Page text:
Of course movies are primarily entertainment and do not require high-brow takeaways or disturbing, relevatory truths. But awarding the Best Picture Oscar to a movie that serves to justify the US’s belligerent stance toward Iran, only the most simplified and misunderstood of Washington’s many Frankenstein’s monsters, can certainly be seen as propaganda (as well as self-idolization by the same old Hollywood voters that chose The Artist for 2011 Best Picture).

Argo serves to reinforce stereotypes of Iranians as nothing more or less than America’s most reliable foes. It is Miracle—the Olympic feel-good film that vilified the Soviet Union to lift our spirits during those dark times before Ronald Reagan saved America (Rocky IV offered a less one-sided perspective)—without ice skates or character development, but with the same happily ever after.

Michael Quiñones is the editor of The New Context, an online journal of international affairs at the New School.

Human Rights in Serbia

Cross-posted from JohnFeffer.com. John is currently traveling in Eastern Europe and observing its transformations since 1989.

People commit crimes, and they get away with it. These are usually powerful people, like Iliya Pavlov, the head of Multigroup and Bulgaria’s wealthiest individual until a sniper took him out in 2003. If successful people break the law without paying any penalty, lots of people want to get in on the act.

Milan Antonijevic

Milan Antonijevic

In the Belgrade office of the Lawyers’ Committee on Human Rights (YUCOM), I found a pamphlet from an organization called Impunity Watch. The Netherlands-based organization has run programs on impunity with local partners in Guatemala, Sri Lanka, and Burundi. And it has partnered with YUCOM and other organizations in Serbia to address the culture of impunity that has made it difficult to establish the rule of law in the post-Milosevic era. In that brief period after the assassination of Zoran Djindjic, the liberal standard bearer who briefly served as Serbian prime minister, the Serbian government cracked down on organized crime. But it was a short-lived commitment.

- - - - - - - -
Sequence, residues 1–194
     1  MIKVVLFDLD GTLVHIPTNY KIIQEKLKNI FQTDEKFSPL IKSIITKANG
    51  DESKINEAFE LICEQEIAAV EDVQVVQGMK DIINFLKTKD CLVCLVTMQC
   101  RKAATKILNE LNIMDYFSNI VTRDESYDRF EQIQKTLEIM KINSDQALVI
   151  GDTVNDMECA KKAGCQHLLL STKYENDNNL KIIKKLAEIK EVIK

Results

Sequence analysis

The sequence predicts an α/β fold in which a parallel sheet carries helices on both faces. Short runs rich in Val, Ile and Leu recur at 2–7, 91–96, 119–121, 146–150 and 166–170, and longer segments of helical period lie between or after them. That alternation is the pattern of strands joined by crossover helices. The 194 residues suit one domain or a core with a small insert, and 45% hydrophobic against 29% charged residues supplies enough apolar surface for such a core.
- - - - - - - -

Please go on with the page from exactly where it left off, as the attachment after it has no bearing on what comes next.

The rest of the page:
I talked with Milan Antonijevic, the director of YUCOM about the continuing human rights problems in Serbia, including the issue of impunity. “For example, let’s talk about a trial that is lasting for six years and they have all the evidence,” he told me. “I’m not talking about war crime trials. I’m talking about the burning of a mosque in Belgrade. You have police cameras on the ground; you have all the evidence. But the judiciary is the weakest link in the whole chain of protection, and that’s where the impunity is coming from.”

He continued, “On the other side, you don’t have the political will. I don’t know why we’re still speaking about political will to punish those who committed war crimes or other crimes, but unfortunately this is still happening in Serbia. We didn’t have the climate for arresting Mladic for 10 years, or Karadzic. And it’s something that’s really blocking all the trials, it’s blocking all the evidence collection, it’s blocking the prosecutor’s office. And it’s something that is unfortunately on the political side.”

Antonijevic agrees that civil society organizations have managed to achieve some successes in improving the human rights situation in Serbia. But major problems continue for Roma, sexual minorities, and others. There is still a strong link between political power and organized crime. And judges are still responding to political pressures.

With Belgrade eager to meet the benchmarks established by the European Union, Serbia will soon have to address these human rights problems more seriously. But the pressure is not only coming from Brussels. Watchdog organizations are applying pressure much closer to home. Civil society organizations like YUCOM and its partners are fighting on behalf of the powerless and the disenfranchised. The status of these social groups will ultimately determine the strength of Serbian democracy and whether, substantively rather than formally, it has fully joined Europe or not.

The Interview

When you think back to what has changed here in Serbia since 1989, on a scale from 1 to 10, with 1 being most disappointed and 10 being least disappointed, how do you feel about the changes?

If I had to quantify it, I would say it’s in the middle. You can pass at the university with a 7, so that’s where Serbia is at the moment. If you compare it with 1989, the year of Milosevic’s rise, Serbia has really changed.